I am representing a local planning authority in negotiating a s.106 agreement. The land to be bound by the s.106 obligations are owned by The Crown Estate and The Secretary of State for Communities and Local Government. Are there any issues I should be aware of?
In 2008 my client sold a piece of freehold land to a developer for the purposes of contructing a medical centre. After being built, it transpired that the developer had connected into a private sewer (shared by my client and its neighbour) and a private lateral drain, both located on my client's land. The connections were made in 2009. No such right was granted in the Transfer to the developer as it was anticipated that the developer would connect to the public sewer direct under the adjoining highway. An agreement was reached prior to 1 July 2011 that the developer would pay my client for the (retrospective) right. The figure was arrived at based on the beneficial costs savings that were occasioned by the developer not having to provide alternative service and a deed would be drawn up accordingly. The deed was to provide for an apportionment of future maintenance obligations for the drainage and water services, especially as the surgery was (and still is by a large percentage) the highest user. Question: Does the Water Industry (Schemes for Adoption of Private Sewers) Regulations 2011 mean that a Deed is not longer required and or that payment is no longer due? If a Deed is still required, which PLC precedent would be appropriate in the circumstances? If payment is still due, should it be reduced due to maintenance responsibilities passing to the Regulated Sewerage Company?
I need to negotiate a Deed of Variation to a s.106 Agreement. The original party to the agreement is a limited company. I note from the paperwork that that company is now "(in administration)". Is there anything I should be wary of or include in the agreement?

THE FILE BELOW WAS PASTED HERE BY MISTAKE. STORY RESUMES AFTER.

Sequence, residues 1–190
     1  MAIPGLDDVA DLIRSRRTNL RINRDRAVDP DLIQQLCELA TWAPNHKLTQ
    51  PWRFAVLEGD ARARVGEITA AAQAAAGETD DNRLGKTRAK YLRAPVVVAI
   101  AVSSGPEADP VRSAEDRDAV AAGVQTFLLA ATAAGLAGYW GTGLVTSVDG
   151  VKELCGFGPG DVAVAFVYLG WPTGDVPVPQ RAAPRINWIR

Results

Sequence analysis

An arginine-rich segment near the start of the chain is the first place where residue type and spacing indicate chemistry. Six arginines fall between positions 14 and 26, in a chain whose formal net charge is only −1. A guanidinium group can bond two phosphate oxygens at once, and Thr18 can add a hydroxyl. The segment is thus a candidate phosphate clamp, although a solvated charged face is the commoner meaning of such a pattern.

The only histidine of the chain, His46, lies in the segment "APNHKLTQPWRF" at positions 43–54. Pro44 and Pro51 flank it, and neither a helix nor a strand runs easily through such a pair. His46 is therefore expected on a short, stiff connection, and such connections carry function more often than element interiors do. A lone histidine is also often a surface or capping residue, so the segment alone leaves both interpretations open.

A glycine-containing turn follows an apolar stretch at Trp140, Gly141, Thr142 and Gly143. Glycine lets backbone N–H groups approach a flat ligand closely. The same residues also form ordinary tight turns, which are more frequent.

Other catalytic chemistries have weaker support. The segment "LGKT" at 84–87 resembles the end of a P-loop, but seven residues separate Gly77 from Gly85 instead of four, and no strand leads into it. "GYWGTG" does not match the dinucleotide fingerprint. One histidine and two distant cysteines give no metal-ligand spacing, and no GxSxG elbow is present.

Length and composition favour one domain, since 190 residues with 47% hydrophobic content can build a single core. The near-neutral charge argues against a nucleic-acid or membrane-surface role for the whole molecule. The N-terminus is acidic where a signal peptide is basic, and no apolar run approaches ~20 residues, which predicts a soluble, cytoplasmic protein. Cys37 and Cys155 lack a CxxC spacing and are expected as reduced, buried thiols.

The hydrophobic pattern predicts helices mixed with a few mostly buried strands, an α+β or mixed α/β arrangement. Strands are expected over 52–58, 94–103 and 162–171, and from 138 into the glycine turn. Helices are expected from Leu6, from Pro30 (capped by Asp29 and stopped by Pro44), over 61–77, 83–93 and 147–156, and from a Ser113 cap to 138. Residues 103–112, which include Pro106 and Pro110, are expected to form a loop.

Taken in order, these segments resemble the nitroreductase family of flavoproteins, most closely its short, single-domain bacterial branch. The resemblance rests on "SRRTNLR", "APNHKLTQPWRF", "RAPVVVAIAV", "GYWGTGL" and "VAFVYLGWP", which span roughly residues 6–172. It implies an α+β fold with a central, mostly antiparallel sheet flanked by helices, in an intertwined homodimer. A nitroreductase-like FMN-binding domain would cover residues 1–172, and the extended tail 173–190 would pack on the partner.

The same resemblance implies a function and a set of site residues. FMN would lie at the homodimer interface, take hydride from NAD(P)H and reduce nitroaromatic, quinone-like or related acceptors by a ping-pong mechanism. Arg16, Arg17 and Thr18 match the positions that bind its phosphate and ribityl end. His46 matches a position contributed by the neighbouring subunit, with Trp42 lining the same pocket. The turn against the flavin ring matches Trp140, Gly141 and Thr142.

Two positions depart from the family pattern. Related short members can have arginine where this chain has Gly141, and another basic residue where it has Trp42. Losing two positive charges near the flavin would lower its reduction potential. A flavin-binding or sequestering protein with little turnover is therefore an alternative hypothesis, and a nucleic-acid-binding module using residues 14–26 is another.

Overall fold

Following on from the previous query, we have granted planning permission for a development where Certificate A was submitted, only to be told, after the event, that the applicant did not, in fact, own the property at the time of the application, but acquired it afterwards. The former owner is unhappy (as I presume, with the benefit of planning permission, he could have sold the property for more), and has now queried the validity of the permission. Whilst authorities must trust the applicant to submit the correct certificate, ownership is ultimately irrelevant in considering whether a planning application should be granted. However, I wonder if there is any case law on this point?
If a planning application has been granted subject to the signing of a section 106 agreement under the Town and Country Planning Act 1990 and due to protracted negotiations between the local planning authority and the applicant the signing of the section 106 agreement is delayed - can the applicant appeal to the Planning Inspectorate on the grounds of "non-determination"? If so, would the Planning Inspectorate then determine the planning obligations or would the section 106 agreement be sent back to the local planning authority to finalise?
We have noticed that your CIL clause in the Landowners Option Agreement only requires the Developer to submit an "Assumption of Liability Notice" but your CIL practice note refers to several other notices which must be served, such as a Chargeable Development Notice and a Commencement Notice. We assume that the responsibility on the developer to serve these other notices flows from their service of the Assumed Liability Notice and therefore we don’t need to worry about them because we have an indemnity regarding CIL expenses, is this correct? Also does the drafting on CIL need to say "if any" as the CIL has not yet been adopted by most Authorities?